Gary Andersen led the Badgers to a win to open the Big 10 sesaon.
The Wisconsin Badgers rebounded after a frustrating loss to Arizona State and opened the 2013 Big Ten season with a 41-10 victory over the Purdue Boilermakers.
Gary Andersen's Badgers were on the wrong side of a referee controversy last week, as explained here by Bleacher Report's Andrew Coppens. But they put that loss behind them and dominated the Boilermakers on Saturday.
So with only a week to go before the Badgers face the highly ranked Ohio State Buckeyes, what have we learned about them?
Here are 10 things I observed while watching Saturday's contest.
James White showed excellent moves against Purdue.
The Badgers are well known for their ability to run the football, dating back to Ron Dayne and as recently as Montee Ball. And despite a new head coach running the show on the sideline, the running game remains the identity for Wisconsin.
James White is the veteran runner of the stable of talented backs in Madison, and he finished with 145 yards on 16 carries, including an impressive 70-yard touchdown.
The ABC broadcast mentioned that White considered transferring while sitting behind Ball last season, and he still has competition in the backfield this season. But it's clear the Badgers are better off with White in town.
Wisconsin will need multiple running backs to carry the ball as often as they want to this season. White will be a key part of the Badgers offense throughout the Big Ten season.
Melvin Gordon showed the nation just how talented he is with an incredible day running the football.
The final numbers for Melvin Gordon and his teammate James White may seem very similar. But it was clear while watching the game that Gordon is a special talent who will contend for awards and accolades at the end of the season, and he's the running back the Badgers will use in key situations this year.
Gordon showed great vision, burst, balance and power while running the ball, and he won every head-to-head encounter he had with Purdue defenders, always falling forward and gaining extra yards.
The Purdue defense isn't the toughest he'll face this season, but he showed that it was nowhere near his level of talent. It will be very interesting to see how he performs against Ohio State, because it seems he has the raw talent and ability to be a dominant player.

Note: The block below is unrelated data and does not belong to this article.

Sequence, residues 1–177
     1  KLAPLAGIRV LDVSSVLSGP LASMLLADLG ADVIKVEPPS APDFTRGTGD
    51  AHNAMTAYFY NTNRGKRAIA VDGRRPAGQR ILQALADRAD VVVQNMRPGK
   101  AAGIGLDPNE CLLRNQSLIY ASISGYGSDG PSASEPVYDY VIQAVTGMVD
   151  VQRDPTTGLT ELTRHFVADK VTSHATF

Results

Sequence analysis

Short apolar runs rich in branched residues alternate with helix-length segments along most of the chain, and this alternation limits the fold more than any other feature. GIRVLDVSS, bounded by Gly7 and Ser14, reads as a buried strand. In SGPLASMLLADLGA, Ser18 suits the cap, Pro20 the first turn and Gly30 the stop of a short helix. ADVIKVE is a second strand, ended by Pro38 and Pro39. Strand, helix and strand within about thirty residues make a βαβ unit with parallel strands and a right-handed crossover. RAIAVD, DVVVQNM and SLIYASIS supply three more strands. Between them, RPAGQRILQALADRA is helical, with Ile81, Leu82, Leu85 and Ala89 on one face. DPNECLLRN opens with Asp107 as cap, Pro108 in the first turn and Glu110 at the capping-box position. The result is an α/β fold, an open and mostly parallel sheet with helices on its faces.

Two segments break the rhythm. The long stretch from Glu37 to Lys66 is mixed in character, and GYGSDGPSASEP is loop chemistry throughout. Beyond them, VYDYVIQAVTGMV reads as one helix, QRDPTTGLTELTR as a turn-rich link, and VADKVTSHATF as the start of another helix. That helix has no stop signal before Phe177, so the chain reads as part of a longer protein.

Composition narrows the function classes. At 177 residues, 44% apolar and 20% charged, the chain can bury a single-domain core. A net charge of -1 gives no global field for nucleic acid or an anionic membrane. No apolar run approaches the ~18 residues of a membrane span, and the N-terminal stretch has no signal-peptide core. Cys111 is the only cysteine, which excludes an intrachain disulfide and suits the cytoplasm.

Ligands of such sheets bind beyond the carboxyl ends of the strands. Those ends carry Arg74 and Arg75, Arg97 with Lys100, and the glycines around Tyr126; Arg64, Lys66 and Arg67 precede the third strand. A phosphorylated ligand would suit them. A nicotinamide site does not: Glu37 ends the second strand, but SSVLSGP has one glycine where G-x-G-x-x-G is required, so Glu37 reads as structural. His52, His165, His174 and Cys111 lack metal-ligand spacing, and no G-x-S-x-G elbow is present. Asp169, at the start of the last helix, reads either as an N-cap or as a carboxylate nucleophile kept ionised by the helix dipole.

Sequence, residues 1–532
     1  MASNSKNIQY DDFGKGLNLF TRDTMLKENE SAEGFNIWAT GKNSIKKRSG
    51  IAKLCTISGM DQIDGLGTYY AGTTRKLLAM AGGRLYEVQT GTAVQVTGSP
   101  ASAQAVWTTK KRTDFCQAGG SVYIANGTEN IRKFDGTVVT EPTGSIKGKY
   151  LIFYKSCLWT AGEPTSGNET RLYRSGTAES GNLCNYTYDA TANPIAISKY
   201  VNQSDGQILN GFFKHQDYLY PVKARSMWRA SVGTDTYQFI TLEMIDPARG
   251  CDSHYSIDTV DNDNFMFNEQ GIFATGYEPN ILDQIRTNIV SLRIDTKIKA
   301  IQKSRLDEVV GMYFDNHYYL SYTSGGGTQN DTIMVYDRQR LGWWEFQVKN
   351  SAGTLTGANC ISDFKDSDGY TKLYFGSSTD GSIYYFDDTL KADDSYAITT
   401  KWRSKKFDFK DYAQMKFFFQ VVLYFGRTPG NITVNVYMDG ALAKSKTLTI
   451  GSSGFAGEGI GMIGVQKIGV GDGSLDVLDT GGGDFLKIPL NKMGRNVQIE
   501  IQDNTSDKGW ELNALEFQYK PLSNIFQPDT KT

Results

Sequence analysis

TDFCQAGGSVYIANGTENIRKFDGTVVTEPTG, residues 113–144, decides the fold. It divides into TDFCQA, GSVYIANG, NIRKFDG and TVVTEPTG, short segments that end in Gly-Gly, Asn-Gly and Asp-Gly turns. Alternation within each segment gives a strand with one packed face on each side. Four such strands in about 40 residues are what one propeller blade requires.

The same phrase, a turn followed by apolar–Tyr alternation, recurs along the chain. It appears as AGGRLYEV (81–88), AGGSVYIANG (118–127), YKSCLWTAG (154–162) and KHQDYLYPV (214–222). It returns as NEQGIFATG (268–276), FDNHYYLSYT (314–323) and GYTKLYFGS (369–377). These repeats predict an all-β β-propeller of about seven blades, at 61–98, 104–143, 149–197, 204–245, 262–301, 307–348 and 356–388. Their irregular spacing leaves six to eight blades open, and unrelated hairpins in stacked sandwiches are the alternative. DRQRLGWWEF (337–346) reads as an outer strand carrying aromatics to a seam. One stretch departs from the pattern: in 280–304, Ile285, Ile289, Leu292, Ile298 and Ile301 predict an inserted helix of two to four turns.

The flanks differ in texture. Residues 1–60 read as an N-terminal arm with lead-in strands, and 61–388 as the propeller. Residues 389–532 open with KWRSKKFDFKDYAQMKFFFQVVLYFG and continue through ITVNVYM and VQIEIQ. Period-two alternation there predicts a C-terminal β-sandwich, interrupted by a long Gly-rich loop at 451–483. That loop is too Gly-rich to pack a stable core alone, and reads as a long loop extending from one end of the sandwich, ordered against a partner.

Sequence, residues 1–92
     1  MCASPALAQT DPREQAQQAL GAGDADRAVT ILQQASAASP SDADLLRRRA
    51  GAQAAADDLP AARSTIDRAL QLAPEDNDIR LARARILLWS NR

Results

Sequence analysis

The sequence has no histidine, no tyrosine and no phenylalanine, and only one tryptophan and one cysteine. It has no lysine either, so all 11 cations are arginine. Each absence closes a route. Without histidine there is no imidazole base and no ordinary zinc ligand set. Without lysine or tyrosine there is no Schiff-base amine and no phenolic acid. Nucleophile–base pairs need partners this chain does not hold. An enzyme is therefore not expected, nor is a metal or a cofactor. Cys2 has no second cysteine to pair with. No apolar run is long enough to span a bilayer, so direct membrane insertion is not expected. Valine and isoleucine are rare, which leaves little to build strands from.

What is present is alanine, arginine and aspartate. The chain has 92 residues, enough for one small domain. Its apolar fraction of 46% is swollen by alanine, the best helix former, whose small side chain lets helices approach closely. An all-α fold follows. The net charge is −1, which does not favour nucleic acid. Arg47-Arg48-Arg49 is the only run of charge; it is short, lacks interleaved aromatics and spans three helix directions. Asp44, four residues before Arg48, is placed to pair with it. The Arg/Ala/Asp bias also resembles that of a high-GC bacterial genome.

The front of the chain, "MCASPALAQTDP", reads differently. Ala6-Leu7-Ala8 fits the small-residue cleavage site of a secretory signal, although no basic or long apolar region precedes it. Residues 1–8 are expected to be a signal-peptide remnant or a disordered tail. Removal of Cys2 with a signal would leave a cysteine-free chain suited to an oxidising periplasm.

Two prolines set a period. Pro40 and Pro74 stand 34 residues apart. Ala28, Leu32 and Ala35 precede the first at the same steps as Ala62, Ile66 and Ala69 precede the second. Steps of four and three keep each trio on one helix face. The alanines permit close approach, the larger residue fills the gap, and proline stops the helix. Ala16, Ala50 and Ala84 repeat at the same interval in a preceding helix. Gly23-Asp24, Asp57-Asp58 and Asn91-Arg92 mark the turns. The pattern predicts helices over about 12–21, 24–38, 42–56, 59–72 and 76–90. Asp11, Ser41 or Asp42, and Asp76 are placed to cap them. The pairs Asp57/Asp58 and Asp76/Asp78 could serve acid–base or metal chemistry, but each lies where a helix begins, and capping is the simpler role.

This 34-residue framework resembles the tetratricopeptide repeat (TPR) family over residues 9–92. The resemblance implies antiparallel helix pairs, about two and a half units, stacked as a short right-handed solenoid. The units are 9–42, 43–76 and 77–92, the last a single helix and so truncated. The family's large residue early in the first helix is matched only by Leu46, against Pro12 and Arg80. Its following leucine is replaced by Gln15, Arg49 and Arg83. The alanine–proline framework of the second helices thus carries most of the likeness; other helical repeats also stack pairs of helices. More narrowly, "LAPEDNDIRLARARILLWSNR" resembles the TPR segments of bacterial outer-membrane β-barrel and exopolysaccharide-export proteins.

And given the help he has on the offensive line, he's primed to add up some huge numbers, which include his 147 yards and three touchdowns Saturday against Purdue.
Melvin Gordon's ability is enhanced with the playcalling of Gary Andersen.
Wisconsin is well known for its power running and dominance in the trenches on offense, but it's the addition of the jet sweep that may give this offense the boost it needs to confuse and control opposing defenses.
Check out this article from John Veldhuis of Badger Blitz, who presents the diagrams and details as to what the jet sweep does to a defense. In short, it distracts players on defense and forces them to make tough decisions in an instant. We saw that against Purdue.
Multiple times when the Badgers would send a man in motion for a potential jet sweep, defenders for Purdue would freeze. And with truly great running backs in the backfield and on the jet sweep, the defense can't cheat and favor one option or the other.
This is why having White and Gordon is a huge bonus for the Badgers, as they can put both of them on the field and force defenses to choose which one to focus on.
The Badgers have always had a great offensive line.
The running backs for Wisconsin deserve plenty of praise, but they don't matter at all without help from their offensive line.
And thankfully for Wisconsin, the offensive line does more than just help. It sets the table for the running game and opens up huge rushing lanes.
There was always room to run for the Badgers on Saturday against Purdue, and that will be a constant all season.
The line also protected well for Joel Stave, who was only sacked once on the day.
The senior wide receiver is a team captain, and a vital part of the Badger offense.
The Wisconsin offense has been focused on the running game for much of the last decade, but it's a former walk-on at wide receiver who continues to impress for the Badgers.
Jared Abbrederis is a team captain, and he leads by example by doing everything needed of a wide receiver in the Wisconsin offense.
He was the primary target in the passing game, routinely getting open and making plays in space. But he didn't stop there. He chipped in with a carry on an end around run for a first down and provided excellent blocking for the running game.